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Fractal Images

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The images like the one at the top of this page are computer art based on fractal equations.

Classical geometry assumes regularity. In fractal geometry we find the formulas that describe what looks like chaos — imagine, for example, the movement of clouds.

Fractals display self-similarity — the pattern of the whole is repeated in the parts.

A good everyday example of a fractal is a head of broccoli. If you look at it closely, you’ll see that the tiniest florets look a lot like the medium-sized florets; and the medium sized florets look a lot like the whole head of broccoli.

Fractal geometry is everywhere in nature. Other examples where you can see this self-similarity are the branching of trees, frost crystals, the surface of the moon, spider webs, the structure of the heart — and it is there in the structure of your brain.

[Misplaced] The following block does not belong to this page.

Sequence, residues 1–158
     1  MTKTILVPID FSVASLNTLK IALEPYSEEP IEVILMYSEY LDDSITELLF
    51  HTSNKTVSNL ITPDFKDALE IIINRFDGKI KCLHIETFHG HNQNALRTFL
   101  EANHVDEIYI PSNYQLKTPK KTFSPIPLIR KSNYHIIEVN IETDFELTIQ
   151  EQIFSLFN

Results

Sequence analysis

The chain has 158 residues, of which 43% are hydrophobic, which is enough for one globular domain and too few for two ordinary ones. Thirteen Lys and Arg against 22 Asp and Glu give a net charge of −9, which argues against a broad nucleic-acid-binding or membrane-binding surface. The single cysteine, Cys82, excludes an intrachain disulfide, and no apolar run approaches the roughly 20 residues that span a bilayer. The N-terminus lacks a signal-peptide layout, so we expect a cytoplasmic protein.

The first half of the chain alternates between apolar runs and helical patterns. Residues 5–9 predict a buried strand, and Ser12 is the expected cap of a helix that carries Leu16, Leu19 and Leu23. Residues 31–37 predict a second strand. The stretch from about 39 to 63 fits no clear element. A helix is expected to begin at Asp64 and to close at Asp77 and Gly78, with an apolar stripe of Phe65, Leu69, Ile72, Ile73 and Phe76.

This short video beautifully demonstrates the relationship between nature and numbers.

The “father” of fractals was Benoît Mandelbrot (1924-2010). Read about his contribution to our understanding of our world in this New York Times tribute to Mandelbrot by James Gleick. Or watch this video.

You can clearly see the way fractals repeat their parts by watching this one minute 40 second video.

A beautiful gallery of fractals:
Fractal World Gallery

For examples of fractals in nature:
Fractals in Nature

This is a fascinating website:
The 3D Mandelbulb

If you are interested in reading more about fractals and non-linear dynamic systems, here is an excellent book written for non-scientists:
Chaos: Making a New Science

This slideshow and the fractal images on this website are the work of CBeyond Fractals using free software from JWildfire.